HARD WORK: Pacific Highway crews work with a paver that helps level the concrete that will become the new highway. The crews can complete  800-1200m a day.
HARD WORK: Pacific Highway crews work with a paver that helps level the concrete that will become the new highway. The crews can complete 800-1200m a day. Caitlan Charles

'Highway of Horror' soon to be no more

IT WAS KNOWN as the Highway of Horror, getting its name for the high number of fatalities along the Pacific Highway.

But now, with the new Pacific Highway section between Woolgoolga and Ballina 50 per cent complete, Roads Minister Melinda Pavey is excited about the future of transport on the North Coast.

"Crash rates are already down, people aren't dying like they used to," she said.

The biggest concrete paving project in Australia, requiring more than 750,000 cubic metres of concrete, the new highway is an investment that needed to happen, according to Ms Pavey.

"Sadly a huge amount of that impetus came following the two bus crashes, one here in this precinct at Cowper and another in my electorate in Clybucca," she said.

"It awoke the nation that we needed to invest in infrastructure outside the cities."

Ms Pavey said this will make travelling from Melbourne to Queensland a lot easier, taking the pressure off smaller towns to deal with high traffic and transport.

Member for Page Kevin Hogan said the highway will also help during times of flood.

"Improved flood measures and more available alternative routes will further help to improve travel reliability and increase safety," he said.

"Reaching halfway is a big milestone for the Pacific Highway upgrade. It's worth noting that 26km of the new highway has been opened between Woolgoolga and Glenugie with major work under way on the remaining sections of the 155km corridor.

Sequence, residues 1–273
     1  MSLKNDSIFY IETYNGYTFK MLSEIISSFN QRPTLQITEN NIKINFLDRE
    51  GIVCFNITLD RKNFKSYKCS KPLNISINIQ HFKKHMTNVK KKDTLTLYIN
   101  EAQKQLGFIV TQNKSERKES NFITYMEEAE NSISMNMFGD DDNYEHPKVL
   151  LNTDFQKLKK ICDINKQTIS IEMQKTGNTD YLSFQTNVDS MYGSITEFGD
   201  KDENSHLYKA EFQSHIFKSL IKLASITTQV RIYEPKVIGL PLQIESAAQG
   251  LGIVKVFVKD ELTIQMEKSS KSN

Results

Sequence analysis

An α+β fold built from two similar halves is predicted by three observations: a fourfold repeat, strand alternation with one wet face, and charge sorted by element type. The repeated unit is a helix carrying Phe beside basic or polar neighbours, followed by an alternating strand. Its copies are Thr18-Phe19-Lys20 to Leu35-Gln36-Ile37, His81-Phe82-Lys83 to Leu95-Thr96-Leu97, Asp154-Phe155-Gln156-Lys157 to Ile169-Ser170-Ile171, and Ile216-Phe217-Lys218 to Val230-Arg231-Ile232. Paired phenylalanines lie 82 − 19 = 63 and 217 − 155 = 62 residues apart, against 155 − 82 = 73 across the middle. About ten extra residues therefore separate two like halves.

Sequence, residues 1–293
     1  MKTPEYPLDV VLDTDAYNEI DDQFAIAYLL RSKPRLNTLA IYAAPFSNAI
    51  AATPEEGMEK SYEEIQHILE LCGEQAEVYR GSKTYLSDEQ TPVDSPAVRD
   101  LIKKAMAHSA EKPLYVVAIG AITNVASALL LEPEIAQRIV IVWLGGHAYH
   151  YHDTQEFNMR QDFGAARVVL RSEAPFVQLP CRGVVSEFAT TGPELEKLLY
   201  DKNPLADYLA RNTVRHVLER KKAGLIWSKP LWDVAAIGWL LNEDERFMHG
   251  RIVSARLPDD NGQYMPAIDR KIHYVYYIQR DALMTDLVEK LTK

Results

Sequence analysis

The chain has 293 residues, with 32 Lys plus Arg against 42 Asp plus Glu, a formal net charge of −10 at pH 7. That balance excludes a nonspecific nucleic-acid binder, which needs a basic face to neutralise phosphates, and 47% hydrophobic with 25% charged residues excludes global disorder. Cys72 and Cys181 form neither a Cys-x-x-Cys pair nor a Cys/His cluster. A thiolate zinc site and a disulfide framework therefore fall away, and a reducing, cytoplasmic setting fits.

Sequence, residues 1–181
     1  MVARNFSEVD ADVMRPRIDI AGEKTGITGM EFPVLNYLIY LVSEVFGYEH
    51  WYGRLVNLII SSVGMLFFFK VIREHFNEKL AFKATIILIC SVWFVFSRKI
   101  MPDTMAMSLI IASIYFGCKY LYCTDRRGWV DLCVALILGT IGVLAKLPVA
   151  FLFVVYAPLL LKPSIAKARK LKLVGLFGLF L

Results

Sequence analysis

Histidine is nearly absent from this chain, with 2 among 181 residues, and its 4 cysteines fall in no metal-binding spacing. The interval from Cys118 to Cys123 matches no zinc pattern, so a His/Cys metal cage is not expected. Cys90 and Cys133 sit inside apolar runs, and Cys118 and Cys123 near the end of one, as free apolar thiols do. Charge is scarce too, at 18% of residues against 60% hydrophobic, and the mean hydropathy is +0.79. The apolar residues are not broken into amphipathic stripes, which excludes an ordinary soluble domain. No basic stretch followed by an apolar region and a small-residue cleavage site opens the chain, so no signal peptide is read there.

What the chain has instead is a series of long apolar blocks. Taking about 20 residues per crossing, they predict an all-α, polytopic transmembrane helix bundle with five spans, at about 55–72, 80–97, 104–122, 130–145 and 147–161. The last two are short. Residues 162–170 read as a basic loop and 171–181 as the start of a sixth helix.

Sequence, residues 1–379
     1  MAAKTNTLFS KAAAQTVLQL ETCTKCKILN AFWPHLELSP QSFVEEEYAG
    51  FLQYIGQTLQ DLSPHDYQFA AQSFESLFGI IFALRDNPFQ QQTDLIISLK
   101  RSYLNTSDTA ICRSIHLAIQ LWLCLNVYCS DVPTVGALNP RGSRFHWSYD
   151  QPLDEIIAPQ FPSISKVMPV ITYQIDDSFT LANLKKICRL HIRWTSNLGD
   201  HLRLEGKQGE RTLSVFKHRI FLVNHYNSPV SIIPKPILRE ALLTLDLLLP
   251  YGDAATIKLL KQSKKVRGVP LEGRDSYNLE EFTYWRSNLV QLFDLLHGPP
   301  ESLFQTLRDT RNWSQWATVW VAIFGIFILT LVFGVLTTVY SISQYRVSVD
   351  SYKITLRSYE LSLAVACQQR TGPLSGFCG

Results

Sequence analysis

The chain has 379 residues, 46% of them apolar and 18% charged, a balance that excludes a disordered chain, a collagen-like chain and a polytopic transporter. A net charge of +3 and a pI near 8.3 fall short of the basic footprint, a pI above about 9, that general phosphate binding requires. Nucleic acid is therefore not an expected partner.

"There is still a lot more work to go, but we're getting closer to providing a safer highway."

While the project is now 50 per cent complete, there are still a few kinks for the State and Federal governments to iron out.

Ms Pavey said she's aware of the issues with heavy vehicles using Eight Mile Lane, and she and Clarence MP Chris Gulaptis have spoken about the issue.

"We are looking at those issues, analysing those concerns and whether it would make the difference that people expect," she said.

"But we need to remember the vast majority of freight is still going to be on the highway.

"We will continue to have conversations and discussions about that, Chris has raised the concerns with me, but it's a good problem that we have to work through."

The Pacific Highway upgrade is a joint State and Federal government project.



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